People still talk about the quartz crisis at great length and speak of how incredible it is that we have a growing mechanical watch industry today. The word ‘crisis’ is used to explain how the watch industry viewed the introduction of a new watch movement, but for the rest of the world, it was simply a new kind of watch, a positive invention that suited their lives in a more practical way. This new and exciting product was more accurate, it did not need to be interacted with every day to keep it running and over a relatively short period of time, it became much more affordable than a traditional timepiece.
When you look back at what happened from an outside perspective you can see that it was a natural development that changed the watch industry forever. However, one thing stayed the same and that was the fact that it was still a watch that told the time whenever you needed it to. Yes, the displays were different and there were novelties such as multiple alarms and even mini-games included, but ultimately a quartz watch was the same in general terms as a mechanical watch. They both told the time and were both indispensable for almost every person. They were, and are, watches and nothing more.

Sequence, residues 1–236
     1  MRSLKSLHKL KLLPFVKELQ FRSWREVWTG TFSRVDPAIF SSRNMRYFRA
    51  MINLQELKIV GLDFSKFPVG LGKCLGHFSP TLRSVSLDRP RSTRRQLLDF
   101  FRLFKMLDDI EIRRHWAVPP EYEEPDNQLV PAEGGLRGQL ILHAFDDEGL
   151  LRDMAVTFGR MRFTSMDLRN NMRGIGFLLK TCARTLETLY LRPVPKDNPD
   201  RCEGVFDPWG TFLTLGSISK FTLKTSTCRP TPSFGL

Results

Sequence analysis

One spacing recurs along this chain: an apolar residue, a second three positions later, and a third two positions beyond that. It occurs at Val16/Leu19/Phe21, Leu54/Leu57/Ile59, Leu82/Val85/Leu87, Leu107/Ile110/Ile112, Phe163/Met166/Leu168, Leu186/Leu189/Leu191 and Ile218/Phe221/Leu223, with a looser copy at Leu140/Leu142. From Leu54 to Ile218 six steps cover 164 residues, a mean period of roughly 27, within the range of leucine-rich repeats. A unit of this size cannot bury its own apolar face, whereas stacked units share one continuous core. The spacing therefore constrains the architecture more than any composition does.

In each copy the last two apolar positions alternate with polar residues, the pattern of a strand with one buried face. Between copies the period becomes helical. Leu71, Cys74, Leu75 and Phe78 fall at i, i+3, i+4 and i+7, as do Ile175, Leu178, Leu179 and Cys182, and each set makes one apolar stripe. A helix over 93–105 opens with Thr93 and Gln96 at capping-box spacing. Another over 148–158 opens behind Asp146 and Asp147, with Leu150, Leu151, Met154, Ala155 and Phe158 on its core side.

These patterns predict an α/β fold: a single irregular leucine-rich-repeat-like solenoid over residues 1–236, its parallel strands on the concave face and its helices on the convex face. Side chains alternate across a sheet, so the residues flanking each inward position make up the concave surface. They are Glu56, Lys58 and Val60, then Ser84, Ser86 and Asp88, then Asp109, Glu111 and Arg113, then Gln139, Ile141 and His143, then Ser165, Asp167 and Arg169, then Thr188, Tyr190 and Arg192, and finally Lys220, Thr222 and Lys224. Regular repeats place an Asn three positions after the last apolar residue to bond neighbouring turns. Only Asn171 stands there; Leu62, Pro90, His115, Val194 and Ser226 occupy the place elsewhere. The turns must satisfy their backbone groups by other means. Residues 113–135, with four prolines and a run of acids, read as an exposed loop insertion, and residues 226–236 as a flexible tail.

I say all of the above while putting myself in the shoes of those strange people who do not love watches. Those people, 99% of the population, for whom a watch is something that does a job without them ever really noticing it. These are the people for whom a quartz watch is normal and for whom a mechanical watch is something that does not tick. Most do not even know the difference between the two and why should they if they have little interest in the products? It would be like expecting all of us to understand the differences between two different types of washing machine motors if there are different kinds? I really don’t know.
So, put yourself in their shoes and then consider the smartwatch, or more especially the Apple Watch. There is a crucial difference in what a smartwatch is and perhaps even more importantly, in the moment that it arrived. In the 1970s everyone needed a watch and so whether it was a quartz or a mechanical model people still needed it. In 2019 many people don’t even wear a watch anymore, they prefer to look at their phones to check the time.